Improving U.S. National Water Model Streamflow with Long Short-Term Memory Networks

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Jonathan Frame , Grey Nearing , Frederik Kratzert, Mashrekur Rahman 


Long short-term memory (LSTM) deep learning networks were used to post-process the U.S. National Water Model (NWM) outputs for improved daily averaged streamflow predictions at 531 basins across the continental United States (CONUS). We compared post-processed streamflow against the NWM and a baseline LSTM without NWM outputs. The LSTM post-processors perform better, on average, than the NWM. Overall median NSE scores are 0.62 for the NWM, 0.74 for the standalone LSTM and 0.73 and 0.75 for the two post-processors. The LSTM with NWM inputs was not significantly better than a standalone LSTM, indicating that the NWM provides only situational benefit for LSTM streamflow prediction. Accuracy of predictions in 2 of the 531 basins was severely reduced by post-processing during tests on ungauged basins, and we found no way to identify ahead of time (without streamflow observations and predictions for comparison) basins where this might occur. The baseline LSTM performs well in ungauged basins. The post-processor improves NWM streamflow predictions in all regions within CONUS. A sensitivity analysis was used to diagnose the land surface component of the NWM as the source of mass bias error and the channel router as a source of simulation timing error. Our assessment indicates that the NWM routing scheme should be considered a priority for NWM improvement.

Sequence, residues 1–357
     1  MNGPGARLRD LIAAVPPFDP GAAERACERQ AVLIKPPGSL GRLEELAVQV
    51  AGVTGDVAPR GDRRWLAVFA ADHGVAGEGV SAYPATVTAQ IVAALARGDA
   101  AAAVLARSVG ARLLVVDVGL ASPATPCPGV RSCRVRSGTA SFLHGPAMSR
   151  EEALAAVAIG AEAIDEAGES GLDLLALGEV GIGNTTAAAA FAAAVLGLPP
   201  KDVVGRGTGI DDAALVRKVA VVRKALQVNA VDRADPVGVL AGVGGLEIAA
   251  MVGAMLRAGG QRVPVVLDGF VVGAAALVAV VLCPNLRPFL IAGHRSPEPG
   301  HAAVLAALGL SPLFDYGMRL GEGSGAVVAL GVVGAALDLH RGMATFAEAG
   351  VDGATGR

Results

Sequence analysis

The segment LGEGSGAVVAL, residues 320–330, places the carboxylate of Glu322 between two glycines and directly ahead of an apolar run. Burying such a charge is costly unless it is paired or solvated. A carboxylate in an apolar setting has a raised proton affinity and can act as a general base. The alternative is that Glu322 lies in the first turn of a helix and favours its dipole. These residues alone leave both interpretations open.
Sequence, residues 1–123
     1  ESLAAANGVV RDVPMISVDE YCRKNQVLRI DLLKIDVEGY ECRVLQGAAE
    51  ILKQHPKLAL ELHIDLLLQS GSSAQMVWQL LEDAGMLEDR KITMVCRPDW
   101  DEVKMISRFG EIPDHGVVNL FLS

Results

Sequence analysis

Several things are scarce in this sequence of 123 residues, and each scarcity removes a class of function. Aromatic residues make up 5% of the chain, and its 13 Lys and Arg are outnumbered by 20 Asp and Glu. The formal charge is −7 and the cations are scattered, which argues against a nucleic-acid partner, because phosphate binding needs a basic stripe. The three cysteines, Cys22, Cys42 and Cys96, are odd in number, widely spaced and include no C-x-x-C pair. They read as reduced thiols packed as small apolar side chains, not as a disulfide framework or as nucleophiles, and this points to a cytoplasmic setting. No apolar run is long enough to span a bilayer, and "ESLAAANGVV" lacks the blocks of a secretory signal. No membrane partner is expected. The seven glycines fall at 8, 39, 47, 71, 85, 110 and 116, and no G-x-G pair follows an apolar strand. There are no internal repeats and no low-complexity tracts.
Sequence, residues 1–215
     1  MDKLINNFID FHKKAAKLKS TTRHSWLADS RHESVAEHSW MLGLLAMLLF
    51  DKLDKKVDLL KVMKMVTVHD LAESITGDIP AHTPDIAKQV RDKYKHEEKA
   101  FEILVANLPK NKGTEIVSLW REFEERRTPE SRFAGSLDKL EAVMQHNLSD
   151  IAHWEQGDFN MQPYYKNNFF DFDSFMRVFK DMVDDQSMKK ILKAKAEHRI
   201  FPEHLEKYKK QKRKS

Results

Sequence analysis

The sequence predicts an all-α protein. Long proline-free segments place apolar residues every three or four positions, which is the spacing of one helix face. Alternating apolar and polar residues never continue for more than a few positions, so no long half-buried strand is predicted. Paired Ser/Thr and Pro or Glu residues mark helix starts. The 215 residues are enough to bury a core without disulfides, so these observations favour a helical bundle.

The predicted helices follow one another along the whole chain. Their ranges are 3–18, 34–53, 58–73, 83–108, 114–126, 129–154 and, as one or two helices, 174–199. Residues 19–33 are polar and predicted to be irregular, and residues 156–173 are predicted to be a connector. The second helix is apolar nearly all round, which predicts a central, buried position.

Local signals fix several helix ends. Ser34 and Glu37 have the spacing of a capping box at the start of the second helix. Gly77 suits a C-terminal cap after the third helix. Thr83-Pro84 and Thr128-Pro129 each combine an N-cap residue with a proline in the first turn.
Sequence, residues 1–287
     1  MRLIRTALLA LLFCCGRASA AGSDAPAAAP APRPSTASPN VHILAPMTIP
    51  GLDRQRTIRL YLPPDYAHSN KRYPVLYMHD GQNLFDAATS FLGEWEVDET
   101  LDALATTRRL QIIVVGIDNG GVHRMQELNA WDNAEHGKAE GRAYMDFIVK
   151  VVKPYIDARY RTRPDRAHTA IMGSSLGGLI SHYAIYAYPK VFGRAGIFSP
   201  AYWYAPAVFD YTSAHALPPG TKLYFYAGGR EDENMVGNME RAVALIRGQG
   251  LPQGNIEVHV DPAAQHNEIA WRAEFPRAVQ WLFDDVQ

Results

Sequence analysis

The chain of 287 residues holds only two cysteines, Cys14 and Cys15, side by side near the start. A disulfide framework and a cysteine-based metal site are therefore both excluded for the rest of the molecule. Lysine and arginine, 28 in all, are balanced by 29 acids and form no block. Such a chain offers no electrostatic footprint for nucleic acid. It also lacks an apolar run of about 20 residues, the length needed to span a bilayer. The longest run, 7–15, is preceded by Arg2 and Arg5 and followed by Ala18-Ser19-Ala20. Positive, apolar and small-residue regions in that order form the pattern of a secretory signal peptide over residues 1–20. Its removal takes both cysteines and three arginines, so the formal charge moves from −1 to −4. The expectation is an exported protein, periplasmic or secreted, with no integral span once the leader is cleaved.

Earth Sciences, Hydrology, Physical Sciences and Mathematics


Long short-term memory, National Water Model, theory-guided machine learning


Published: 2020-07-02 10:27

Last Updated: 2021-04-05 00:39

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Academic Free License (AFL) 3.0

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